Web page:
Dynamic Otto Cycle Analysis

Joseph P. Callinan
2000 Annual Conference Proceedings   unpublished
Engineering students encounter the Otto cycle in their first course in thermodynamics (usually during the sophomore year). This cycle is the theoretical basis for the spark ignition (SI) internal combustion engine (ICE). The traditional analysis (the air-standard analysis) of the Otto cycle is a static thermodynamic analysis that cannot be used to predict the dynamic performance of a SI ICE. Given sufficient information, the work per cycle for a particular engine can be computed. However, by
more » ... ing three simple modifications, the air-standard analysis can be extended to include a computation of the dynamic performance of a SI ICE. The first of these modifications is the selection of representative values of specific heats and specific heat ratios for the working fluid during each process. This improves the accuracy of the analysis. The second is an equation relating the heat release during combustion to pertinent engine parameters (the fuel-air ratio and the compression ratio). The third is the inclusion of an equation for the volumetric efficiency of the engine as a function of engine speed. This incorporates into the analysis the single most significant loss and results in performance that is dependent on engine speed. The resulting analysis predicts the dynamic performance (power and torque as a function of engine speed) of contemporary SI ICE engines with reasonable accuracy. Most importantly, this analysis can be easily understood and conducted by engineering students in their first thermodynamics course. Students have used this analysis, with excellent results, to analyze typical engines for a variety of applications (various types of passenger cars, pick-up trucks, SUV's, Formula 1 vehicles and, even, "monster" trucks).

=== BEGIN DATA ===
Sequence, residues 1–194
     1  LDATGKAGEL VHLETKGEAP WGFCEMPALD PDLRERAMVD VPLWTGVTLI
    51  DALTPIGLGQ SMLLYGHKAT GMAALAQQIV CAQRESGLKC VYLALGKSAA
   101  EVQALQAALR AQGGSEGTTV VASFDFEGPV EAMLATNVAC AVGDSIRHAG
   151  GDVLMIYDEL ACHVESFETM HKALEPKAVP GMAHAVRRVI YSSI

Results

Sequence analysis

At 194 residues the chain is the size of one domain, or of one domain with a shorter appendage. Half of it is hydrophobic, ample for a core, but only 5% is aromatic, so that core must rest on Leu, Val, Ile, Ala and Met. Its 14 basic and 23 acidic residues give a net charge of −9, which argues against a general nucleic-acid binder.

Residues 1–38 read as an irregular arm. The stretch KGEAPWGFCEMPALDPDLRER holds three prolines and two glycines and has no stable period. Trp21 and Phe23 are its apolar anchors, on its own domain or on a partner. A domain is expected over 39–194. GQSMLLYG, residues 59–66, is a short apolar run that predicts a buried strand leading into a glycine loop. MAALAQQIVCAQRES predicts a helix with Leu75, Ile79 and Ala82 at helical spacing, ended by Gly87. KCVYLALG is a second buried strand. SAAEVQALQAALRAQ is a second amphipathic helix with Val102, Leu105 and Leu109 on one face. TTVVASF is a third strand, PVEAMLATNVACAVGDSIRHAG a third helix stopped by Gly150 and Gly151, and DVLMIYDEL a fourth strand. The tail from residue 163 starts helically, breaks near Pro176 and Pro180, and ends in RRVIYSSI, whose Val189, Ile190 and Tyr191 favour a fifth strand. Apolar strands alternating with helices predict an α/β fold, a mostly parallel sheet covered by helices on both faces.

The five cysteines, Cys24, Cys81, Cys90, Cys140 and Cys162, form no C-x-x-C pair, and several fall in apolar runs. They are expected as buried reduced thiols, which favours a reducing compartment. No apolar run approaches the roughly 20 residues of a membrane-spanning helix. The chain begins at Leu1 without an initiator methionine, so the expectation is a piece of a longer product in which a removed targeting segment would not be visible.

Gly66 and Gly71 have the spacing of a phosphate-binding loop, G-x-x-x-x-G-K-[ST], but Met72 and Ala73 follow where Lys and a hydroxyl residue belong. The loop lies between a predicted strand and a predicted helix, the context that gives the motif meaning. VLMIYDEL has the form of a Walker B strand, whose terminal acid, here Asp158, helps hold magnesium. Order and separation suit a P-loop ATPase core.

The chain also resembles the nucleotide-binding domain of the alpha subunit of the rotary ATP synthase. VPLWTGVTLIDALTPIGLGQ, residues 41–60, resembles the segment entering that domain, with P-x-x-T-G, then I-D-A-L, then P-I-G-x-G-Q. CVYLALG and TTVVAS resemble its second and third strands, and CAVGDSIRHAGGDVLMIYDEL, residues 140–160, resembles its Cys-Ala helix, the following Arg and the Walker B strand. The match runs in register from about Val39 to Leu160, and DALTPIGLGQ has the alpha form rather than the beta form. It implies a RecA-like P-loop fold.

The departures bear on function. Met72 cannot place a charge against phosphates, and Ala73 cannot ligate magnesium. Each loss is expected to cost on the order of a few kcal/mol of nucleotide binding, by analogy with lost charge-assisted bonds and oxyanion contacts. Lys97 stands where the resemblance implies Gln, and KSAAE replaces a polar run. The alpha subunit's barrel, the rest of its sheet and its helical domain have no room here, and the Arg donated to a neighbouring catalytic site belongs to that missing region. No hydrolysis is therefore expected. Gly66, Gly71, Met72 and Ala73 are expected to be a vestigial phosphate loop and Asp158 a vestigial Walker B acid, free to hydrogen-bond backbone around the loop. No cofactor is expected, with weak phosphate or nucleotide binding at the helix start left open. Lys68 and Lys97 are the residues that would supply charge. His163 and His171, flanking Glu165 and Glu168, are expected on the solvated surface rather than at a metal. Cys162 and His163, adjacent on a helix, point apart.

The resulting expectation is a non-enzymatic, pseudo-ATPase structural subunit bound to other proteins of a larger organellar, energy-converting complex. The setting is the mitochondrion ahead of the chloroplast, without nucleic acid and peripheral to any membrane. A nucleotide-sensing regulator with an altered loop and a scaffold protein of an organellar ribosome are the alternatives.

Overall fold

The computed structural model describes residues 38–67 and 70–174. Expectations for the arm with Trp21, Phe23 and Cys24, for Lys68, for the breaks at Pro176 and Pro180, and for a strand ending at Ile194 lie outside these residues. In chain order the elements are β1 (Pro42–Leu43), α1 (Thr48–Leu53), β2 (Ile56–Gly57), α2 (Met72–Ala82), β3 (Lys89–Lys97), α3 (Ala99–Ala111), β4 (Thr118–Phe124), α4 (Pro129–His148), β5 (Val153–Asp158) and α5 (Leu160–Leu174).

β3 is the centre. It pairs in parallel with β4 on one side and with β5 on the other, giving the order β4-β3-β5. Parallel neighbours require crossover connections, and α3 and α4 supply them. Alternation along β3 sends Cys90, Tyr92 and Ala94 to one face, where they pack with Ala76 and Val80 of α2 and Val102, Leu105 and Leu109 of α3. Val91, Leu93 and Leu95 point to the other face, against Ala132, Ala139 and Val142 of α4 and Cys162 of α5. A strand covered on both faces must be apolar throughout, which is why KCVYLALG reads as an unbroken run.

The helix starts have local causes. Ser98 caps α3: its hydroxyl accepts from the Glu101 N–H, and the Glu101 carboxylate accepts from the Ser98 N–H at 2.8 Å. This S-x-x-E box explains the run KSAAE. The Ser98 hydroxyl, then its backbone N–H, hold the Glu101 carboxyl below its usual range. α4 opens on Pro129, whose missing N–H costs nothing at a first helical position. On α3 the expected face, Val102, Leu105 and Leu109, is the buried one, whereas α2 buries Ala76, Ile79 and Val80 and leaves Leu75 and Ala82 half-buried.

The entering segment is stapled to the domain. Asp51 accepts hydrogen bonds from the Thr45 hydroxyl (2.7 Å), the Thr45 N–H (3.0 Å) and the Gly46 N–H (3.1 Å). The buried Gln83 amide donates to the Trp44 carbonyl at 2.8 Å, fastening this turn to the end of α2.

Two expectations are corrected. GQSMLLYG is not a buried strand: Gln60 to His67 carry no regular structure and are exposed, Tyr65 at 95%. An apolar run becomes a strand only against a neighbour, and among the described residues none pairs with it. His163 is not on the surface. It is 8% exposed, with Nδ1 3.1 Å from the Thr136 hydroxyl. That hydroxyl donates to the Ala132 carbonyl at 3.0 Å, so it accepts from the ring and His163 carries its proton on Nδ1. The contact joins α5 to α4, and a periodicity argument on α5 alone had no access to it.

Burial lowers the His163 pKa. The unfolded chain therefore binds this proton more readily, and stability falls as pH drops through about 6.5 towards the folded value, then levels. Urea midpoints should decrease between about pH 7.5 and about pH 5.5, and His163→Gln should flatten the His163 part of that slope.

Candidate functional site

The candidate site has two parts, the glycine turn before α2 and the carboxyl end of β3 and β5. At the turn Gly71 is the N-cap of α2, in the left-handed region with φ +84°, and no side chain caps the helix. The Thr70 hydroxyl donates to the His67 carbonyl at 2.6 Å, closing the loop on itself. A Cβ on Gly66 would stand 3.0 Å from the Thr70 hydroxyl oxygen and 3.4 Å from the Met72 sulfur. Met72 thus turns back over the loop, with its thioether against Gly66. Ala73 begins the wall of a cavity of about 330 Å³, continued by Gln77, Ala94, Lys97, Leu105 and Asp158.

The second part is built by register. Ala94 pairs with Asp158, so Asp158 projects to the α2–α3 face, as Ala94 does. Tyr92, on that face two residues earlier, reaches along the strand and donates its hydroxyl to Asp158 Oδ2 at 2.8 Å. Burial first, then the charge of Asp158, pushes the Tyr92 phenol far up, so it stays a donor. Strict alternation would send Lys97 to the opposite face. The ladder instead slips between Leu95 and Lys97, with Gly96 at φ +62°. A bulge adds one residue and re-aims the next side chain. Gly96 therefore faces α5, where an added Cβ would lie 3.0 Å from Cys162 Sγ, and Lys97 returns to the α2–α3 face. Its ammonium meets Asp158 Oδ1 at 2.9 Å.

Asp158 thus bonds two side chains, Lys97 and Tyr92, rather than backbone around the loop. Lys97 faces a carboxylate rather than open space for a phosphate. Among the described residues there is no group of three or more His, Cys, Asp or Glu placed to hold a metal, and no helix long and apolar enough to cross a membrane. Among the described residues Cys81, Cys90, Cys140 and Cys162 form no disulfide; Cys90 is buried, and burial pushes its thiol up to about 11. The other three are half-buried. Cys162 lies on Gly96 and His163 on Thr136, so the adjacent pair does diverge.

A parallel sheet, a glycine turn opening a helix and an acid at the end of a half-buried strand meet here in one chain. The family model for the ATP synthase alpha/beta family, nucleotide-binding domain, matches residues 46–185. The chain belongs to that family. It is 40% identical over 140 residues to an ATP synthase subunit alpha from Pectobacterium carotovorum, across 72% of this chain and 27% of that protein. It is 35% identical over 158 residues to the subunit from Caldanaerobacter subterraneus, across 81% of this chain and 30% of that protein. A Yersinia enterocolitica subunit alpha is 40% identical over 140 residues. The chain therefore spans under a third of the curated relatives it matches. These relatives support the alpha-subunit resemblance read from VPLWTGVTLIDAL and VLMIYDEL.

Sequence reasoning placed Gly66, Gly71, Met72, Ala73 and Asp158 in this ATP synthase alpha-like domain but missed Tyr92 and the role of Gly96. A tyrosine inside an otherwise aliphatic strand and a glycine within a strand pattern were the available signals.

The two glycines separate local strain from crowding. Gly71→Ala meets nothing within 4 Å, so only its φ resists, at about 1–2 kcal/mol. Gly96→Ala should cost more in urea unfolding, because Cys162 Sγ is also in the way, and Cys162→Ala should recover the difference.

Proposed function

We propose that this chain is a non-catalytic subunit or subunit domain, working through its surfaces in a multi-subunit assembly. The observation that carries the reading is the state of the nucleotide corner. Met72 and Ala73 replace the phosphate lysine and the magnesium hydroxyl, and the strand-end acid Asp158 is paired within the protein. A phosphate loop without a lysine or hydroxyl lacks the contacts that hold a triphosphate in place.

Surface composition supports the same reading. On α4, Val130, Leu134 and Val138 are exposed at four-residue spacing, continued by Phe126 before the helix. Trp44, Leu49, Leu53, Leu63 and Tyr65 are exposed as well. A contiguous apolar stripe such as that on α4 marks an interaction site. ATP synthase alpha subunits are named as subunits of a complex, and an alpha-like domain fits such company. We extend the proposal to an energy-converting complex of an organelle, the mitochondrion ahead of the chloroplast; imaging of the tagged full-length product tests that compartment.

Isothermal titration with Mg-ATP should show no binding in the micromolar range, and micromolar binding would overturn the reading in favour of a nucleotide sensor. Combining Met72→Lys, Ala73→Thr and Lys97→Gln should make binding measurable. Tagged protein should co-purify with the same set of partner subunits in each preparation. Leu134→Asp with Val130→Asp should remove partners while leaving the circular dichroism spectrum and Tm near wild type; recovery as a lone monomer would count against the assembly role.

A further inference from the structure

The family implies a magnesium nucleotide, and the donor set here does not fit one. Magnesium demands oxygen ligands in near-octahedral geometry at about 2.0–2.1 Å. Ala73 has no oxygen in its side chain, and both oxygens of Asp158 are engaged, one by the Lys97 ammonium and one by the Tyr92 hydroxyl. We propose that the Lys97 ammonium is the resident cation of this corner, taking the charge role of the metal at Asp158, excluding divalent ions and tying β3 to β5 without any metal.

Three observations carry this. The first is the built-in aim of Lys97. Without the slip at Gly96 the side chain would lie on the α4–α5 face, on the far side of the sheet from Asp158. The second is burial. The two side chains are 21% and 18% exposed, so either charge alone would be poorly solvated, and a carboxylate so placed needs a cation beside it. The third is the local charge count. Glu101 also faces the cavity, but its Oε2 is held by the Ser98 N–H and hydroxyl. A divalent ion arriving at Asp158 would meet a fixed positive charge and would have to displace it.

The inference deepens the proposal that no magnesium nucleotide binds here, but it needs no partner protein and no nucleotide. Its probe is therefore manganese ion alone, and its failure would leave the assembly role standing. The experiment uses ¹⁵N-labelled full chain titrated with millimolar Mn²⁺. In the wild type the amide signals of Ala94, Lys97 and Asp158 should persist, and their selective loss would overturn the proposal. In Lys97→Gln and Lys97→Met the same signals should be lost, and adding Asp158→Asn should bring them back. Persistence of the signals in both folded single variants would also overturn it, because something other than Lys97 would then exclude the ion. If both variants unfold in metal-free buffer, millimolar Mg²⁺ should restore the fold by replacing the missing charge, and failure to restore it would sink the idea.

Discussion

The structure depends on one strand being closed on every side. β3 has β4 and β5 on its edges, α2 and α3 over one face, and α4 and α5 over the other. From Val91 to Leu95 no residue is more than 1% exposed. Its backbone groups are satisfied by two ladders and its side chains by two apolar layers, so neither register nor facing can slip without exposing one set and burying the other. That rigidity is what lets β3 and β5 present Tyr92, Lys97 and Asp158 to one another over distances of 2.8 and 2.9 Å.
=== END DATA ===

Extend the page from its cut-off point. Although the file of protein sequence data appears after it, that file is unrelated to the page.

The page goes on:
doi:10.18260/1-2--8319 fatcat:4xhj6hgoabf5vaq4izx5abvbve